The new ScratchGDB and ScratchFolder environments

One of the enhancements to the 10.1 release was the addition of two new environment variables (scratchFolder and scratchGDB) as mentioned in the What’s New for Geoprocessing in 10.1. (If you haven’t read it, check out all enhancements!). While new environment variables may not exactly sound exciting, as a tool developer you’ll want to know this as you probably have worried at one point about handling intermediate data in your model, script or custom function tool. Generally you would want to be writing intermediate outputs to the “in_memory” workspace for performance gains, but there will be times you must persist the output to disk.

Prior to 10.1 you made use of the scratchWorkspace environment to write intermediate data. The scratchWorkspace provides the ability to write temporary data, but can be problematic as it can be either a folder or a geodatabase (depending on how your environment referenced it). You may have constructed your tool thinking that scratchWorkspace is a folder, as you’ve set ArcMap’s scratch location to a folder. When you shared your tool with a co-worker, their scratch environment setting was set to their Default.gdb and your tool failed as it tried to write shapefiles (.shp) into their file geodatabase.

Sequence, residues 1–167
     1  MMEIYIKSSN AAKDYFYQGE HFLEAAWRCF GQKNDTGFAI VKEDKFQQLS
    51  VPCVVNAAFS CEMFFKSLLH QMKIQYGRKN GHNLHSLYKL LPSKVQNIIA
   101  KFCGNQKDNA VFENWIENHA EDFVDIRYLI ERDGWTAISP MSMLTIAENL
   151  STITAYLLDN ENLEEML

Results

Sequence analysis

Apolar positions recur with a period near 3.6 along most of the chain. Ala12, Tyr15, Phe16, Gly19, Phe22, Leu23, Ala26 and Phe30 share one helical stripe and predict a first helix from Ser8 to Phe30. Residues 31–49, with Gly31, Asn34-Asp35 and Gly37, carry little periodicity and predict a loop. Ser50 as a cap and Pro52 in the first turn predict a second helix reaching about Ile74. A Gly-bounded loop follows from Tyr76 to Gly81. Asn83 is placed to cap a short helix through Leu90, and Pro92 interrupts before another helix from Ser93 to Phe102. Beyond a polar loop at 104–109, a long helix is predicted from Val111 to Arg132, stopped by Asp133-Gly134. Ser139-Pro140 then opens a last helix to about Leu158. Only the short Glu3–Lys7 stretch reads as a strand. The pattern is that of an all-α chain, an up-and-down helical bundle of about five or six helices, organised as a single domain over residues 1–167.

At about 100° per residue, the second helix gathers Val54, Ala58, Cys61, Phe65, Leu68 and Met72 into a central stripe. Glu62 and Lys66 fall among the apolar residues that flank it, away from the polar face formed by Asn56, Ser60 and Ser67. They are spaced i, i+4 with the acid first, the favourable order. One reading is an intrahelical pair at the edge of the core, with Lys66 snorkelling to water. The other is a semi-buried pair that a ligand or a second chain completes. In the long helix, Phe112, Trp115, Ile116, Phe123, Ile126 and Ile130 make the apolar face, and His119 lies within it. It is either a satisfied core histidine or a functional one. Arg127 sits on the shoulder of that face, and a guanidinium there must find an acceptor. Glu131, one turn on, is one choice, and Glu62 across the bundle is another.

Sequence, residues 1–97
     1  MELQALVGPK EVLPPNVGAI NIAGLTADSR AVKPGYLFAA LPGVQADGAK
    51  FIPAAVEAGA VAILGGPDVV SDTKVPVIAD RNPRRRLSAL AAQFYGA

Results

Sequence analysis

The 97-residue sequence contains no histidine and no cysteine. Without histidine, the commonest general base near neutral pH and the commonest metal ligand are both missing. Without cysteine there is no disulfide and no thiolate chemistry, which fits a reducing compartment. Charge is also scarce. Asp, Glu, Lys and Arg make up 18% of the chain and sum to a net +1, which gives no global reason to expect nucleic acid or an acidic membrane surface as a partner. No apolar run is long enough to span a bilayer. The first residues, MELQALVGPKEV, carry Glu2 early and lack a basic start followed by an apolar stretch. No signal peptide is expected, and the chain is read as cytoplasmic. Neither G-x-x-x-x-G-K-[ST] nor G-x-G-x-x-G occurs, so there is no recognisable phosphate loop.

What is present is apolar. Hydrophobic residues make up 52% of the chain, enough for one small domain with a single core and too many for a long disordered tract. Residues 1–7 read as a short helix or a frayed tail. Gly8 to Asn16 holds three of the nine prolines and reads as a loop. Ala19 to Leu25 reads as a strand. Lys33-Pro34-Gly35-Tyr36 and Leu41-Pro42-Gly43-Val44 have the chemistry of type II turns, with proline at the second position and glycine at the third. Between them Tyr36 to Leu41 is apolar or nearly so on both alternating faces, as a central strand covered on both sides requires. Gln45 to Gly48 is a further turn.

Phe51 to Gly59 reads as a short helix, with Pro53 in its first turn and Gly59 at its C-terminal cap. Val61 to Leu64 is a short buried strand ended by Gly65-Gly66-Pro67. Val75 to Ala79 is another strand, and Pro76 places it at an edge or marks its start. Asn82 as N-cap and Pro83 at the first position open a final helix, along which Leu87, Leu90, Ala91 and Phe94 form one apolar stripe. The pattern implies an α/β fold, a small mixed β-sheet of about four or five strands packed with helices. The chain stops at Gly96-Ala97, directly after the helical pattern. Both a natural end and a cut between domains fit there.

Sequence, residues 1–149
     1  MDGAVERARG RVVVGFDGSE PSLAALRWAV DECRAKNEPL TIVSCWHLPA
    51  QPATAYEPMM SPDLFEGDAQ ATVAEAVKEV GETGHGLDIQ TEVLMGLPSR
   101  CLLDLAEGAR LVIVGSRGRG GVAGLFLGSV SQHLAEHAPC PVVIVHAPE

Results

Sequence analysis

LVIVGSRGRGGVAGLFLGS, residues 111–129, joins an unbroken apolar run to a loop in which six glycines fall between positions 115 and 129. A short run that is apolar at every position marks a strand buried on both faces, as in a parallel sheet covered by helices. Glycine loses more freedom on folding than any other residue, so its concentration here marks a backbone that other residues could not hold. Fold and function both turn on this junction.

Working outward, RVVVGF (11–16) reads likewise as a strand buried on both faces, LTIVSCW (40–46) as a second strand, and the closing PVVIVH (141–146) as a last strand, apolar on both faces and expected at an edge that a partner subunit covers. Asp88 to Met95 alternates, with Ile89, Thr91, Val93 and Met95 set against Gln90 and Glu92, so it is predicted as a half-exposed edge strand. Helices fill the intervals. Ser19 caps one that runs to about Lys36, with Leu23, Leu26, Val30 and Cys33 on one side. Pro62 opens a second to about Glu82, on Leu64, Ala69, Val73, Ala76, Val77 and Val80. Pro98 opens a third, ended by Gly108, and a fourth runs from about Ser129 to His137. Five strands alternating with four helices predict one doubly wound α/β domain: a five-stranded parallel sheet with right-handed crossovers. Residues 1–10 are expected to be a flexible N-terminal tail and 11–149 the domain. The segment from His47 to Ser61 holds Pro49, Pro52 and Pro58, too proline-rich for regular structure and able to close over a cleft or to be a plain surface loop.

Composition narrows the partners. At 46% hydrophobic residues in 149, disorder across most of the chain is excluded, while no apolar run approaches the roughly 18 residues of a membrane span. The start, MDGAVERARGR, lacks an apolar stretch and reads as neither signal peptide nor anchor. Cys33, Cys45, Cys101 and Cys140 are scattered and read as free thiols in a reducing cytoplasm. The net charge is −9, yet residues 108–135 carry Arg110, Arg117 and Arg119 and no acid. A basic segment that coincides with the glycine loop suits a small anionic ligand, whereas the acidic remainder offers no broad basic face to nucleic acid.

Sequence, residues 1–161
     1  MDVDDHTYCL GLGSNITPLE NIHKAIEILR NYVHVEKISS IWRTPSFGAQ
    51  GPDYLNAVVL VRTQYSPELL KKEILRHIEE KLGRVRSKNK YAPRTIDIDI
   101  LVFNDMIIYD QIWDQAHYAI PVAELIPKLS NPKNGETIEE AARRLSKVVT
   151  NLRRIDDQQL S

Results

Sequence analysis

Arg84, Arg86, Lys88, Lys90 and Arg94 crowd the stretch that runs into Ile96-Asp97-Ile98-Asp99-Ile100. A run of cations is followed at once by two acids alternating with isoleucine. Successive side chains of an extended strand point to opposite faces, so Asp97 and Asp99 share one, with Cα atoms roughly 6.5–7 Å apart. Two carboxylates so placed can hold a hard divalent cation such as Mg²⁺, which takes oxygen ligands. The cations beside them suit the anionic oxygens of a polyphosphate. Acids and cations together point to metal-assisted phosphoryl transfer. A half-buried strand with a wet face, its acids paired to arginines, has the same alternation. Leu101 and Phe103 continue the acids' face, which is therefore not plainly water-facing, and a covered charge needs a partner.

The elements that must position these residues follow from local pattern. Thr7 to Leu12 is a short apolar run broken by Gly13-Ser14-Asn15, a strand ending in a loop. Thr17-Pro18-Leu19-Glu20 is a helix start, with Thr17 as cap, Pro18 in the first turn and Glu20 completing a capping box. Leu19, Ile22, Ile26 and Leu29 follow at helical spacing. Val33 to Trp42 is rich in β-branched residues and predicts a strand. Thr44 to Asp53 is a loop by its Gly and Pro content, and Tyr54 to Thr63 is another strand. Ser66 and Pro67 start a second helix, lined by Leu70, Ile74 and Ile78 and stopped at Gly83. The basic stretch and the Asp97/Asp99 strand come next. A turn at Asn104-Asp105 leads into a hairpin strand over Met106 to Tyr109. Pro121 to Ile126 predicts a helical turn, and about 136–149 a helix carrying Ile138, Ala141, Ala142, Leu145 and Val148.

This is where it starts to get exciting. At 10.1 these two new environment variables help you control where your output will be written to. Exactly as they sound, scratchFolder writes to a folder and scratchGDB writes to a geodatabase. Use them in your scripts and models in the same way you do now with the scratchWorkspace.


As shown, use the inline variables %scratchFolder% or scratchGDB% inside your models.

Or reference the environments while scripting by using arcpy.env.scratchFolder or arcpy.env.scratchGDB.

bufferOutput = os.path.join(arcpy.env.scratchGDB, "outBuffers")
arcpy.Buffer_analysis(inPoints, bufferOutput, "100 Miles")

Here are the key points you need to know to when using these:

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